St. Paul retail community has different needs from Minneapolis’

It makes me a bit crazy, as a new downtown St. Paul retail business person, to hear Kathy Lantry compare us to Minneapolis (“Will St. Paul finally end the acrimony over parking meters on Grand Avenue?”) and remark, “You just have to cross the river, and Minneapolis has meters everywhere. Commercial districts have not been harmed, and I don’t know that Uptown would be considered lousy.”

Minneapolis has an existing vibrant retail life, and St. Paul does not. You can charge people all you like when you have something they want, but until you have established that need the city should give the retail community every opportunity possible to draw folks downtown.

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Comments (1)

  1. Submitted by Matthew Steele on 09/30/2015 - 01:11 pm.

    St Paul lacks a vibrant retail life precisely because they bulldozed much of it for surface parking. It’s known in urbanism circles as “Pensacola Parking Syndrome.” As NY Times described it in 2012, “Pensacola Parking Syndrome is a term of the trade used to describe a city that tears down its old buildings to create parking spaces to entice more people downtown, until people no longer want to go there because it has become an empty lot.”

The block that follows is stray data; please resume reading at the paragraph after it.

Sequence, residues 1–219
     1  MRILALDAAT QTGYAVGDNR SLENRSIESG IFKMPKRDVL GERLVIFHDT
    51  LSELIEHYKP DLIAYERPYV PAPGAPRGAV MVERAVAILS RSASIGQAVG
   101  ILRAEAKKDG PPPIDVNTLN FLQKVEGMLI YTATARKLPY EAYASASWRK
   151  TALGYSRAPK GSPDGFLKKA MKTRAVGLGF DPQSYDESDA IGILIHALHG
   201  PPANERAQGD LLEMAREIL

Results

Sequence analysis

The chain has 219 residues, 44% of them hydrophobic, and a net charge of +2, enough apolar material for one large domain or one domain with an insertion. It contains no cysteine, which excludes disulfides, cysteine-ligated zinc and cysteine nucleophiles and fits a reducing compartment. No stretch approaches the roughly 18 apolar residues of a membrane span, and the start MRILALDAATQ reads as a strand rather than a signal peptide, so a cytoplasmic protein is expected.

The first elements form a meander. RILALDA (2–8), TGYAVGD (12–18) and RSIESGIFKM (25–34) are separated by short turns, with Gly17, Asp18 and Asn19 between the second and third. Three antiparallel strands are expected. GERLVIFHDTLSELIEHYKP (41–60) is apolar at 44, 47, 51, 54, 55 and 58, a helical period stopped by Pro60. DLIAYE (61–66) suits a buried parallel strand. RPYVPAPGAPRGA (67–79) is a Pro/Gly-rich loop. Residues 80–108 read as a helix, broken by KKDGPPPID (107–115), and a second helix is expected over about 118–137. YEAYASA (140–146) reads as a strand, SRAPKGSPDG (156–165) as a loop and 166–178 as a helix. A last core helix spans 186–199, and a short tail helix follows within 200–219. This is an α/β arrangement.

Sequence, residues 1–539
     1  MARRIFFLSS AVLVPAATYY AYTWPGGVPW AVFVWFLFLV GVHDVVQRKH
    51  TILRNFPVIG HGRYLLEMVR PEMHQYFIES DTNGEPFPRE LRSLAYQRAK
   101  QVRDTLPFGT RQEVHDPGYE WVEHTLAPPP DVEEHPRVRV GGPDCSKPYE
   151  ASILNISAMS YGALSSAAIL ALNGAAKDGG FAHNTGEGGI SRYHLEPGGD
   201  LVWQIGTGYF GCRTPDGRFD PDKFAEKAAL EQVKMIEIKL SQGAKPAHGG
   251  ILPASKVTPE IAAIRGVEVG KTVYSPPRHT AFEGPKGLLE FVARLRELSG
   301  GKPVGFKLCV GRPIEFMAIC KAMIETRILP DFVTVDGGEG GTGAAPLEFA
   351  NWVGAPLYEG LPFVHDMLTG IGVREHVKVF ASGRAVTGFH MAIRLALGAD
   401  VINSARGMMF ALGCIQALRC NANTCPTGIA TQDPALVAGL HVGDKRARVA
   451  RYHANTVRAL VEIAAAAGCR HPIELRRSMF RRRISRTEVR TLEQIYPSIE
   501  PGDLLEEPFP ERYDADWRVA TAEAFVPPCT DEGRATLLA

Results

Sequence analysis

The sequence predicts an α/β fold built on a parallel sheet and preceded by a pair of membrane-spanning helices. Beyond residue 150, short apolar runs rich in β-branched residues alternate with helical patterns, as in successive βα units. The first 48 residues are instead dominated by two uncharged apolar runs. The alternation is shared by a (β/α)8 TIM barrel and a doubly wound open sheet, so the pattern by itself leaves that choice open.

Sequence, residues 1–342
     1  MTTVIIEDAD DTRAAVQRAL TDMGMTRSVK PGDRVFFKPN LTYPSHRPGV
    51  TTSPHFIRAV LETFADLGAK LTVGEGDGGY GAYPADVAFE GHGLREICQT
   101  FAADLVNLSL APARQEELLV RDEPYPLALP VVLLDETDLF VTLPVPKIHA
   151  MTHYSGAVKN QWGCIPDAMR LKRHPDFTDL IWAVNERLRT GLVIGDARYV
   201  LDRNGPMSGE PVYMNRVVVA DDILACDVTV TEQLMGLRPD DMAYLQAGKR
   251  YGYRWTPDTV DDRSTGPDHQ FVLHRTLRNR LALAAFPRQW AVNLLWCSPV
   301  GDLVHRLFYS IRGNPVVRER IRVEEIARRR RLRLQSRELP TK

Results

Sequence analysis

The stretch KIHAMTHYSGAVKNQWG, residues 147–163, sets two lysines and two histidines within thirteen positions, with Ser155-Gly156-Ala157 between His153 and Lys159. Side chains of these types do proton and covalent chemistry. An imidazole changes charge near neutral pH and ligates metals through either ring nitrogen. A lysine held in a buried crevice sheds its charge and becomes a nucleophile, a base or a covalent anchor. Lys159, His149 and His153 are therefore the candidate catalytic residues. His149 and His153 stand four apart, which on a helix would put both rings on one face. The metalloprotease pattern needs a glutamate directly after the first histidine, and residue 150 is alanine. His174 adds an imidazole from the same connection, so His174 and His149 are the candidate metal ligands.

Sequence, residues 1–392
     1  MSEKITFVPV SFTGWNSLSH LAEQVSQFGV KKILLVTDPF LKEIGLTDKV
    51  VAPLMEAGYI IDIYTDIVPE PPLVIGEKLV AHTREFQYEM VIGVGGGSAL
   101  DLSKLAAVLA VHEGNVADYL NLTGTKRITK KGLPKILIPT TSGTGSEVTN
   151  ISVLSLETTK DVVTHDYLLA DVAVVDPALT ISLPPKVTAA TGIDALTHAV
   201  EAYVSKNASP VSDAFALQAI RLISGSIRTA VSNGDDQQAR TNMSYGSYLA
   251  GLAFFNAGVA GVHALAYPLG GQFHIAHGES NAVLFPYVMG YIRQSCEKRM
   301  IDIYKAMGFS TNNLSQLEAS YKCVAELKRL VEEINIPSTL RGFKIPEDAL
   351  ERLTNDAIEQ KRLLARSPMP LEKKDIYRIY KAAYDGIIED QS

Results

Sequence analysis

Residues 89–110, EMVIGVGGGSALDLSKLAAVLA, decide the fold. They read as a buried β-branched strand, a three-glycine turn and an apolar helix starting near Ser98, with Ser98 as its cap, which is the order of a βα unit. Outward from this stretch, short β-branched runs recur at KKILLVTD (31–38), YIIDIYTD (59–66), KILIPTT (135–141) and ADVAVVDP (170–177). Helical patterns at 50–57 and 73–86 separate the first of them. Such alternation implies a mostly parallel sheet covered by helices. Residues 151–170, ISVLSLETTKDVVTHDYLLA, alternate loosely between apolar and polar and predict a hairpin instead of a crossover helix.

Now things are changing, especially in Lowertown. There’s more demand for parking – including scarce on-street parking, than there is supply. As such, when there is a shortage of a private good (and, even though publicly provided, on-street car storage is a private good since it is rivalrous and excludable) there are two ways to apportion this private good: by queue or by price. Apportioning by queue is devastating to cities, with people circling blocks endlessly trying to find an available space, and with an incentive to stay in a spot for longer visits rather than turn it over for more customers. As such, the only reasonable method to apportion this private good in shortage is to raise the price. That’s precisely what demand pricing of meters does.

    I agree with you completely that “the city should give the retail community every opportunity possible to draw folks downtown” which is precisely why we need meters to preserve last-space availability of scarce on-street parking.

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